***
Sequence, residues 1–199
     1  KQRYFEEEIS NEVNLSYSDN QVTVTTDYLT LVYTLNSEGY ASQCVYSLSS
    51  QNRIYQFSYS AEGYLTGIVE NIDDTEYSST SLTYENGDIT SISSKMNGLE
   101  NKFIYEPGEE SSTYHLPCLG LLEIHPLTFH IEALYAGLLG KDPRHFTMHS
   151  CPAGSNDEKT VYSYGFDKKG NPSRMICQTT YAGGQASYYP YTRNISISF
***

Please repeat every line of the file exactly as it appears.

Sequence, residues 1–199
     1  KQRYFEEEIS NEVNLSYSDN QVTVTTDYLT LVYTLNSEGY ASQCVYSLSS
    51  QNRIYQFSYS AEGYLTGIVE NIDDTEYSST SLTYENGDIT SISSKMNGLE
   101  NKFIYEPGEE SSTYHLPCLG LLEIHPLTFH IEALYAGLLG KDPRHFTMHS
   151  CPAGSNDEKT VYSYGFDKKG NPSRMICQTT YAGGQASYYP YTRNISISF